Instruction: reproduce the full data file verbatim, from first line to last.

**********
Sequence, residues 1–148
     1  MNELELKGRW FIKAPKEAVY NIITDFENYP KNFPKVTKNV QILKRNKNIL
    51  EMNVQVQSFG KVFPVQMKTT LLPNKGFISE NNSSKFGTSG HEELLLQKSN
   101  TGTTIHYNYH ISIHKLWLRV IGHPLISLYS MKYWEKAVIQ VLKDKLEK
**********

Sequence, residues 1–148
     1  MNELELKGRW FIKAPKEAVY NIITDFENYP KNFPKVTKNV QILKRNKNIL
    51  EMNVQVQSFG KVFPVQMKTT LLPNKGFISE NNSSKFGTSG HEELLLQKSN
   101  TGTTIHYNYH ISIHKLWLRV IGHPLISLYS MKYWEKAVIQ VLKDKLEK